Penn State Wins Big Ten Championship Game

District Attorneys’ Guidelines for Police Shootings

When a police officer shoots someone, the district attorney is almost always the person who decides if it's justified.

Now, the Pennsylvania District Attorneys Association has recommendations for how to handle those sensitive investigations.

The 16 recommendations from the D.A.'s association don't necessarily break any new ground but solidify some "best practices."

Earlier this month at a home near Bloomsburg, police responded and shot a man inside his home. Within a few days, the Columbia County district attorney ruled the shooting justified following an investigation by state police.

In August last year, it was a deadly shooting in Pittston, and officers were cleared by Luzerne County District Attorney Stefanie Salavantis.

Salavantis applauds new recommendations from the association, the first of their kind in the country.

"The hope is it will help everyone believe in the system and make sure everyone’s independent and making the right determinations," said Salavantis.

Recent high-profile cases across the country led the district attorneys to develop 16 guidelines for investigating shootings involving the police. They include having an independent agency investigate the officer or officers, releasing the video if the shooting is ruled justified and withholding the officer's name if he or she is cleared of any wrongdoing.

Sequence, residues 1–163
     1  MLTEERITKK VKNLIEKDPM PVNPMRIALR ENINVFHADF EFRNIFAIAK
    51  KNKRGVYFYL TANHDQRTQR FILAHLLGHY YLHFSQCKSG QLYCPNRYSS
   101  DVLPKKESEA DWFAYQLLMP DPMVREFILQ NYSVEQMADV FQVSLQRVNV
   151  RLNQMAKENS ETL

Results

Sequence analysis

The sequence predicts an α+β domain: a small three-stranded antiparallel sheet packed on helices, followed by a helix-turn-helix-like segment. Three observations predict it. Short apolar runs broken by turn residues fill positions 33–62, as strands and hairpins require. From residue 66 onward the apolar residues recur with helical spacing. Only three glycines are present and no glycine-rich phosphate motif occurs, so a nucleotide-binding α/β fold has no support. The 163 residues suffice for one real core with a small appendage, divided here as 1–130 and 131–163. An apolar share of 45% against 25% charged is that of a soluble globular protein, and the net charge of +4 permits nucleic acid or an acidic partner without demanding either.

"This is one of the ways we can further protect law enforcement when they have to get on the streets, which can be dangerous," she said.

Civil liberty advocates believe the investigations should go one step farther and have totally independent prosecutors making the final call, not local district attorneys.

"Because local district attorneys, whether it’s fair or not, can give the appearance of having too much of a connection with the local police who are being investigated," said Andy Hoover of the ACLU of PA.

Some see benefits to the new guidelines but are also concerned they could go too far beyond the scope of transparency.

"I think it will take away from trust by taking away information but I wouldn’t want to put officers at risk by giving out their name just because they were involved in a bad incident," said Daniel Mushat of Philadelphia.

From a political science standpoint, Dr. Kyle Kreider at Wilkes University thinks what will matter is how many of the recommendations are followed including if the officers' names will ever be released.

"I think there’s some debate whether one or more of these goes too far in that respect. I think the big issue is with naming of the police officers or the delaying name of police officer involved in the shooting of a suspect," said Dr. Kreider.

These recommendations for district attorneys are not mandatory each individual prosecutor can choose how he or she will handle the investigation.